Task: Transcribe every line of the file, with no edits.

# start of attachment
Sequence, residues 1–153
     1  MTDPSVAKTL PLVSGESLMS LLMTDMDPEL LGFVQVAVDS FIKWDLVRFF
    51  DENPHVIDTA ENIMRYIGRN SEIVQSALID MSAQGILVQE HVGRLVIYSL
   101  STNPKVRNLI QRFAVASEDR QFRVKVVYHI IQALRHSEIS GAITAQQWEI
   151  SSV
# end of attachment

Sequence, residues 1–153
     1  MTDPSVAKTL PLVSGESLMS LLMTDMDPEL LGFVQVAVDS FIKWDLVRFF
    51  DENPHVIDTA ENIMRYIGRN SEIVQSALID MSAQGILVQE HVGRLVIYSL
   101  STNPKVRNLI QRFAVASEDR QFRVKVVYHI IQALRHSEIS GAITAQQWEI
   151  SSV